With a Modern Grand Prix and Open recently in the books and more big Modern events right around the corner, this format seems to be a current hot topic. The aggressive decks of Modern have been performing much better than they had been a few months ago. Burn is of course one of the fastest creature decks in the format, but Wild Nacatl in general has been getting a lot of love. These creature decks dominated Grand Prix Porto Alegre, while beating decks that are supposed to be good against Burn and Zoo type strategies. Here is the winning list from that Grand Prix, played by Marcos Paulo de Jesus Freitas:


This archetype can be classified as Naya Collected Company or Big Zoo. What makes the bigger Zoo decks stand out is the addition of the three-mana creatures in Knight of the Reliquary and Loxodon Smiter. This deck plays so many threats that it is very difficult to effectively answer each and every one of them. This is what makes a pure control deck poorly positioned at the moment. The deck is also able to play two copies of Collected Company to continue the stream of creatures. There are not only more creatures in this sort of deck when compared to smaller Zoo decks and Burn, but they have larger sizing as well.

It makes a lot of sense that this is the deck that won the Grand Prix, as traditionally the recipe for success in the creature on creature matchups is to have slightly larger creatures than the opponent. This deck is somewhat similar to Naya Burn, but is favored in the matchup. Voice of Resurgence is a card that hasn't been seeing a ton of play, but it does a lot of things very well. This card can chump block and buy time versus a super aggressive start from the opponent, or provide insurance against a card like Liliana of the Veil. The creatures in this deck don't only attack and block, they have other uses as well.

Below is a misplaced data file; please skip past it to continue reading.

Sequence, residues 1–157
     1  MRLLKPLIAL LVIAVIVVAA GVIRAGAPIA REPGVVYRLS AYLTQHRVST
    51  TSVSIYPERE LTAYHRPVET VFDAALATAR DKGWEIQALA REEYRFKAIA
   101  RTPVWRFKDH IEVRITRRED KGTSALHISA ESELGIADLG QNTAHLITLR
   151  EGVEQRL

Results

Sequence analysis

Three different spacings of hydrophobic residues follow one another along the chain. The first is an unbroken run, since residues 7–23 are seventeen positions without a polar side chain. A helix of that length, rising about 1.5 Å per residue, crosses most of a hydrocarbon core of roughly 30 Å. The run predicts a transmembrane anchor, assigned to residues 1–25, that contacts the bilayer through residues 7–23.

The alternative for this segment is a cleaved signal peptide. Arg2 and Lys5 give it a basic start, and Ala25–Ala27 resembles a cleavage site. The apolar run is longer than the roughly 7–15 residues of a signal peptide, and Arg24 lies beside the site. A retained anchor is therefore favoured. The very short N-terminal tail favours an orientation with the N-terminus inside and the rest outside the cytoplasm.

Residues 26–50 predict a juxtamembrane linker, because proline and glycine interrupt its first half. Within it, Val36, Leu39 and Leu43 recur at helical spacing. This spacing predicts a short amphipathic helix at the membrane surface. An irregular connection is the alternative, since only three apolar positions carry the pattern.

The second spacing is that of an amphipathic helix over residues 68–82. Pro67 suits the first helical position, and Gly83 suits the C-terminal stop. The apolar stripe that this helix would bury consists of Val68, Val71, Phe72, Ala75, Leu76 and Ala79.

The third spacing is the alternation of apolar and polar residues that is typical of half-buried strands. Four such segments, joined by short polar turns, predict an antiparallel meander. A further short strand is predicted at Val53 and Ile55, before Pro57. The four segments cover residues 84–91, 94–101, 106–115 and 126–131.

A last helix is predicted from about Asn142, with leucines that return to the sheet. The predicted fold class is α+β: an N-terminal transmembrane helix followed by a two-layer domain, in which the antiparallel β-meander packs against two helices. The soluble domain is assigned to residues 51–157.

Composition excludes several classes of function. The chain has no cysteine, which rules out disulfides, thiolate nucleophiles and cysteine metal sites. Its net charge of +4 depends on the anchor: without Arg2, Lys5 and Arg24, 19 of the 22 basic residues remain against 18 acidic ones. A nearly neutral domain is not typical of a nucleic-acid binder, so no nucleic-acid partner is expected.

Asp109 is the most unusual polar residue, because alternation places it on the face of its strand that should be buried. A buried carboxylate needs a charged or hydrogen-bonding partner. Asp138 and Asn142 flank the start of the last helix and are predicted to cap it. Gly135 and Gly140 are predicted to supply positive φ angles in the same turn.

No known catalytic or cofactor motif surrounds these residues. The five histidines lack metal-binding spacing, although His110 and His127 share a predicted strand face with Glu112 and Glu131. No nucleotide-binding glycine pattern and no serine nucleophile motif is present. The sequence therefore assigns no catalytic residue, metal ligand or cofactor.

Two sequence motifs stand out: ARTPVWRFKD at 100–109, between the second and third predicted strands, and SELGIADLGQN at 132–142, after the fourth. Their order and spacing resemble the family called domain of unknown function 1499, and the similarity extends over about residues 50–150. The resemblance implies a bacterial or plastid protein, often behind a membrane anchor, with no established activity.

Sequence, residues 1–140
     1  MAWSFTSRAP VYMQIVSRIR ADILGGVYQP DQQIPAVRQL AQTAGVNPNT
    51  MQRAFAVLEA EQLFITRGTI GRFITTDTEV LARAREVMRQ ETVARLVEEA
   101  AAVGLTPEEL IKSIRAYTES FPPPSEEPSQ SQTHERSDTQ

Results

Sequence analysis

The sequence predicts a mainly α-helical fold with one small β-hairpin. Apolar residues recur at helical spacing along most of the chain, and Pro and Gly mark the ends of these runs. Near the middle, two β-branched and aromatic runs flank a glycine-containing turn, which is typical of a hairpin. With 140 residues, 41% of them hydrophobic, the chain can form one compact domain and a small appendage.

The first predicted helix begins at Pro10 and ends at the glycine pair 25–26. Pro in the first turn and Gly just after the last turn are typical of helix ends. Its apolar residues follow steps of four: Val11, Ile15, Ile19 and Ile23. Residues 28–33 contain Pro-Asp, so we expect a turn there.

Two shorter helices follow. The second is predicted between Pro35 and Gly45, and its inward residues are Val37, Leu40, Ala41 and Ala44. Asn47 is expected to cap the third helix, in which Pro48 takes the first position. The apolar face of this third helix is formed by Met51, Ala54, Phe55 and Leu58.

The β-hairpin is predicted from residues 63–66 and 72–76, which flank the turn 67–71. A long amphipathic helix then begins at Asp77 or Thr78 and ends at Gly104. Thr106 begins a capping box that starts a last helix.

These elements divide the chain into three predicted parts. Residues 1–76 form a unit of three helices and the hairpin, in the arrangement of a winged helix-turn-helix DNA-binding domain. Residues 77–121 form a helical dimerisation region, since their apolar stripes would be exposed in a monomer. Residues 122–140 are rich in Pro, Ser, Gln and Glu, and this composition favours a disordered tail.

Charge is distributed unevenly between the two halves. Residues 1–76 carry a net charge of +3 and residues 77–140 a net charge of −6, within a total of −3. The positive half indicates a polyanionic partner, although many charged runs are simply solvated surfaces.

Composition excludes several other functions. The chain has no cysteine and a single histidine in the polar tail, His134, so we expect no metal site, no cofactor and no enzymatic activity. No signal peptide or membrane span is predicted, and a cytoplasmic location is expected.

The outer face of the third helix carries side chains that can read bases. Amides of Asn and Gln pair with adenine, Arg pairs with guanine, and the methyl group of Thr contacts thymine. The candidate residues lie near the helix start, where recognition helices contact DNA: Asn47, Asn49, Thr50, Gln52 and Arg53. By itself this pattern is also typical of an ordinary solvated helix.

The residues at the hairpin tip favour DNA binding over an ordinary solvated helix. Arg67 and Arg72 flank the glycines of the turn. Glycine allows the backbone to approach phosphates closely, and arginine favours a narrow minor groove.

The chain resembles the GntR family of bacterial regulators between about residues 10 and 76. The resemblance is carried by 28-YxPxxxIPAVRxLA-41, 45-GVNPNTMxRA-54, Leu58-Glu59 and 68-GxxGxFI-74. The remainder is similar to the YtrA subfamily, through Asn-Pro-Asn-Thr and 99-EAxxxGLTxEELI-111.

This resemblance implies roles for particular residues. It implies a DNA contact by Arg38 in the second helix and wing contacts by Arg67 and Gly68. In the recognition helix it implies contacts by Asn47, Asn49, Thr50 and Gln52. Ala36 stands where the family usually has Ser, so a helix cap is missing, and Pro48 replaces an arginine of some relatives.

There are two copies of both Scavenging Ooze and Qasali Pridemage, but remember it feels like more than that because of Collected Company. It is hard to find a hole in the creature base, or the spell suite for that matter. While the Path to Exiles and Lightning Bolts are the obvious removal spells you want, Marcos has not stopped there. Alongside the two copies of Collected Company there is a Dromoka's Command. Dromoka's Command seems reasonable here, and can randomly blow your opponent out if they have an enchantment in play. Even just preventing a burn spell can be the difference in a game. However, it is important to not get carried away with the noncreature spells, as the deck is playing Collected Company.

Marcos wasn't the only one playing a Big Zoo style of deck. Caio Amaral had a different take on how to build around Knight of the Reliquary. Here we see the combo of Knight of the Reliquary plus Retreat to Coralhelm in full effect:


We have a deck that makes full use of Noble Hierarch as it is playing four colors, and is able to do so pretty easily. The fetch land and shock land manabase plus the mana creatures means this deck will not stumble on mana very often. The deck not only has Noble Hierarch to accelerate out the three mana plays, it also has Birds of Paradise. Playing one of the three-drops on turn two can just be too explosive for opponents to overcome. Geist of Saint Traft is a card that is clearly very powerful, but not too many decks can make good use of the card. This deck however loves casting Geist of Saint Traft; it might in fact be the scariest card in the deck. Slower decks will usually just fold to a resolved Geist of Saint Traft.